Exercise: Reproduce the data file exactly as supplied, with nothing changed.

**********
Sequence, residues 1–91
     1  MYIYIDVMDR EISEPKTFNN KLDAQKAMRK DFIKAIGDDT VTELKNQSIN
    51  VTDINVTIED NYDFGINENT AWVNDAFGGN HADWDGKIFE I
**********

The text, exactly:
Sequence, residues 1–91
     1  MYIYIDVMDR EISEPKTFNN KLDAQKAMRK DFIKAIGDDT VTELKNQSIN
    51  VTDINVTIED NYDFGINENT AWVNDAFGGN HADWDGKIFE I